The decision comes as several lawsuits have been filed to stop the new bridge, which would compete with the privately owned Ambassador Bridge. The Detroit International Bridge Co., which owns the Ambassador Bridge and is controlled by Manuel (Matty) Moroun, filed suit in Washington trying to block the span. Moroun spent millions trying to convince Michigan voters in a referendum last November to block the bridge.

Rep. Fred Durhal, D-Detroit, recently filed a lawsuit in Ingham County Circuit Court challenging Snyder’s authority to enter into an agreement with Canada without the Legislature’s approval. After legislation authorizing a new bridge failed to get out of a Senate committee in 2011, Snyder bypassed the Legislature and signed a deal with Canadian officials last June that calls for Canada to build the bridge.

The Obama administration has backed a new Detroit bridge crossing since 2009, when Transportation Secretary Ray LaHood endorsed the idea, saying it would create thousands of jobs in construction and via additional trade. In January, LaHood said federal approval for the bridge crossing was expected soon.

“We’re just about over the finish line,” LaHood said in January. “They are working on it.”

Canada agreed to front Michigan’s $550 million share of the cost, which will have to be repaid through toll revenue. The Canadians also pledged to reimburse Michigan for any expenses the state Department of Transportation incurs in connecting the new bridge to Interstate 75 through a new international plaza.

The United States and Canada have the largest trading partnership in the world, totaling over $524 billion in merchandise trade in 2010. Thirty-five states have Canada as their largest foreign trade-partner, and 57 percent — $297 billion — of U.S.-Canada trade moves by truck, according to the Michigan application.

Approximately 31 percent of truck transported trade, or $91.4 billion, between the United States and Canada passes through the Detroit River area and reaches markets across the nation.

U.S. and Canadian trade supports over 8 million U.S. jobs; approximately 237,000 Michigan jobs; and 1 in 3 Canadian jobs. The Detroit-Windsor border is the busiest trade corridor on the U.S.-Canada border and the second busiest trade corridor in North America.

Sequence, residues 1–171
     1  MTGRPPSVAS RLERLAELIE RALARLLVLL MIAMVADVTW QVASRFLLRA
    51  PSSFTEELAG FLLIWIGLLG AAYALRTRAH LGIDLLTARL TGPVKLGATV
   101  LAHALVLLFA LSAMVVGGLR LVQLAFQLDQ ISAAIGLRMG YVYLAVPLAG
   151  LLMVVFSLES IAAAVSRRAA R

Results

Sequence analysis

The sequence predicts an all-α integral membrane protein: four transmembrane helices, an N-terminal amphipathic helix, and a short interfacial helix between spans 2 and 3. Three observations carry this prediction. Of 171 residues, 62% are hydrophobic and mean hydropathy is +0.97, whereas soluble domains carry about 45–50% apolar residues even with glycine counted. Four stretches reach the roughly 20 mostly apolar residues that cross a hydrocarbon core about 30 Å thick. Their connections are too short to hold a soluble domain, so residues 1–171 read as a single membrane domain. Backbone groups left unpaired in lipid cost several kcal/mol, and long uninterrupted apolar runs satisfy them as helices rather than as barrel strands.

Jarvis: ‘King of the world!’

Moroun has lost a lot of lawsuits the last several years. But even when he loses, he wins, because every day he staves off construction of the new bridge, he maintains his lucrative monopoly.

The Windsor Star

Anne Jarvis

It is a pivotal point in the long and controversial quest for a new bridge at the busiest commercial border crossing in North America: Michigan Governor Rick Snyder will announce at a news conference in Detroit today that U.S. President Barack Obama has signed the permit to build the new government bridge between Windsor’s Brighton Beach and Delray in west Detroit.

The permit is the last approval required. But will it be the end of the epic battle between the governments of two countries, one province, one state and an 85-year-old man, Matty Moroun, owner of the competing Ambassador Bridge? Even before the permit was signed, it was reported that Moroun was already seeking an injunction against it so a court can hear his latest lawsuit.

A “perpetual and exclusive franchise right.” That’s what Moroun claims in the lawsuit against the U.S. and Canadian governments.

The government can’t build its planned new bridge over the Detroit River because Moroun’s monopoly is sacrosanct. He has supreme and almighty power until the end of time over one of the most important border crossings in the world, key to the economies of two nations and the jobs and livelihoods of tens of thousands of people.

That’s what Moroun is arguing.

Picture the slightly stooped octogenarian leaning over the rail at the centre of his bridge, arms spread a la Leonardo DiCaprio in the movie Titanic, wisps of white hair blowing in the wind: “I’m the king of the world!”

The absurd claim drew a rare good line from Windsor West MP Brian Masse.

“What’s their next step – declaring themselves as their own independent country?” he quipped to The Windsor Star’s Dave Battagello.